Homage to Catalonia | Study Guide


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Homage to Catalonia | Chapter 8 | Summary



George Orwell compares the experience of coming back to Barcelona after fighting on the front to an experience he once had in Myanmar ("Burma" in Orwell's day). Taking the train from the Burmese city of Mandalay up into the mountains, Orwell went from a warm, tropical climate to a chilly one in a matter of hours. Just so, the company's arrival in Barcelona confronts them with "the same abrupt and startling change of atmosphere." On the train, Orwell's company had persisted in the camaraderie, boisterousness, and egalitarianism of the front. But in Barcelona they find an atmosphere "alien and hostile" to ragged militiamen like themselves.

Months ago when Orwell first arrived in Barcelona, he had found a town in which "the working class was in the saddle." Now people in Barcelona have gone back to using formal modes of address; the wealthy once again dare to exhibit their finery while beggars throng the streets; and there is "no outward sign of working-class predominance." Orwell decides his previous impression was something of an illusion. Class divisions never went away; they just went underground, and now they are back.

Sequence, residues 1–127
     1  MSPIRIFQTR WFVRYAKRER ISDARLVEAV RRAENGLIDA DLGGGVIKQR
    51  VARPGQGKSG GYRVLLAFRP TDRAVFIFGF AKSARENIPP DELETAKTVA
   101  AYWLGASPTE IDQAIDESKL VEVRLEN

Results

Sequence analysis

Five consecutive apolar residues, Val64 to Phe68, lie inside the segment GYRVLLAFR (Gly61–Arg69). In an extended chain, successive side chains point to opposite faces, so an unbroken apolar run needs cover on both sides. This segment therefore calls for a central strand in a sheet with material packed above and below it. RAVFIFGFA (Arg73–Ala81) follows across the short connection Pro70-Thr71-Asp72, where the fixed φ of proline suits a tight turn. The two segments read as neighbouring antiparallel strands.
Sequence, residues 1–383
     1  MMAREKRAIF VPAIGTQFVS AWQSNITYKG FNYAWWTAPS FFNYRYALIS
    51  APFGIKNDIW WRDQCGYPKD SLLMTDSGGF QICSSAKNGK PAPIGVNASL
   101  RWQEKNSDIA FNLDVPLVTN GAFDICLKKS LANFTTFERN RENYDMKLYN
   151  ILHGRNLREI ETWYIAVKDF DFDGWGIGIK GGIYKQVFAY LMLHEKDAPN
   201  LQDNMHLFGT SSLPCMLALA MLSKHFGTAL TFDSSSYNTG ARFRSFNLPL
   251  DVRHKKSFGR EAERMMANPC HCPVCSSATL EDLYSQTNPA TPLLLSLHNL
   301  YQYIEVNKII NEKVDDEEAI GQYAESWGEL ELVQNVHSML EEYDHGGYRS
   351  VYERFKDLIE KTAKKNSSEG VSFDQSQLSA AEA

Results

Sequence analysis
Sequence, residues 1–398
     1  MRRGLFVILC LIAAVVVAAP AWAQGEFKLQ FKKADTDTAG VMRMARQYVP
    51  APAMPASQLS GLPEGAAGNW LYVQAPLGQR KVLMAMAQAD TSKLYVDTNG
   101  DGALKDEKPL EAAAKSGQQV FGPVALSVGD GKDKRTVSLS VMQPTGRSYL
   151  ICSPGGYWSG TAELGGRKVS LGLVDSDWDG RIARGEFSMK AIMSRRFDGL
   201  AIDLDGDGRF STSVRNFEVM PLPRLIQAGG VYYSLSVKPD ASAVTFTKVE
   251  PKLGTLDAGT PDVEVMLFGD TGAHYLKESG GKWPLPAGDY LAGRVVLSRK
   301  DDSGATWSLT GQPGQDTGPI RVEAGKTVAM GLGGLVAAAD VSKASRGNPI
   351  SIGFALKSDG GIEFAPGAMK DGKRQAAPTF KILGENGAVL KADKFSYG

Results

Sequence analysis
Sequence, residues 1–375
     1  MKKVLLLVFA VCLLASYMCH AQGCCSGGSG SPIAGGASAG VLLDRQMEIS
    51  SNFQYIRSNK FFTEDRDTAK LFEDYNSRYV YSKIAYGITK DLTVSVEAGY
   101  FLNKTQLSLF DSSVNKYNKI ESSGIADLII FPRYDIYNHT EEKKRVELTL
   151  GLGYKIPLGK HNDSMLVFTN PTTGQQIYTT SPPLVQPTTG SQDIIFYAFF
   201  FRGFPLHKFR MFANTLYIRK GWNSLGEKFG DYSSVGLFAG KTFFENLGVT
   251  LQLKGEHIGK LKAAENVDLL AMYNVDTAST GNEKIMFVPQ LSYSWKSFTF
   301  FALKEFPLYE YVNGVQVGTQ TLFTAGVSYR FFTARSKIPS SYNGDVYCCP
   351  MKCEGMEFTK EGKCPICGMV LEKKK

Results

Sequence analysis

Worse, the people of Barcelona have lost interest in the war and in revolution. Orwell proposes several reasons for this. Maybe it's Barcelona's distance from the front. Maybe it's that the revolution failed to really put the working class in control. Since they see no hope of real social change, people just want the war to end. Even "politically conscious" people are somewhat indifferent to the war; instead they are more aware of infighting within the Republican side.

To Orwell's dismay, a propaganda effort is underway, denigrating the militias and praising the Popular Army. The Popular Army is the replacement for the previous Spanish army, whose officer class had been too riddled with Nationalists and fascists to defend Republican Spain. The new Popular Army is more hierarchical than the democratically organized militias, and much better equipped. Orwell feels the injustice of it; the Popular Army trains with pistols in the rear, far from danger, while the ragged militiamen stake their lives on the front. Officially the Popular Army and the militias are integrated, but the propagandists twist this fact to their advantage. Many militia victories are falsely credited to the Popular Army.